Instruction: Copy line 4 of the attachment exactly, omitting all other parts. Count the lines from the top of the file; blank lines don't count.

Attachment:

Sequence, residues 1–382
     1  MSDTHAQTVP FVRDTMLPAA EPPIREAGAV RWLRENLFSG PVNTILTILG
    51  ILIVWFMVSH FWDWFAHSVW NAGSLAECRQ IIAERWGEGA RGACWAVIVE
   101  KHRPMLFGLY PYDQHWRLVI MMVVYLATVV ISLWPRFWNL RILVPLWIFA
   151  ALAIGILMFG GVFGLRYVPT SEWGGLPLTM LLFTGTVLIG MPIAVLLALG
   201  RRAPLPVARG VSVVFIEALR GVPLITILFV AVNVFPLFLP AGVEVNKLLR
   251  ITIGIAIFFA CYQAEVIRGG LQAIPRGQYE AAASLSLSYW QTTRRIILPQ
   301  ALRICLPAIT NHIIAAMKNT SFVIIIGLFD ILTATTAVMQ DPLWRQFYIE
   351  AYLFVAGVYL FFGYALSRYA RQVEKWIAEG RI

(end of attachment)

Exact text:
   101  KHRPMLFGLY PYDQHWRLVI MMVVYLATVV ISLWPRFWNL RILVPLWIFA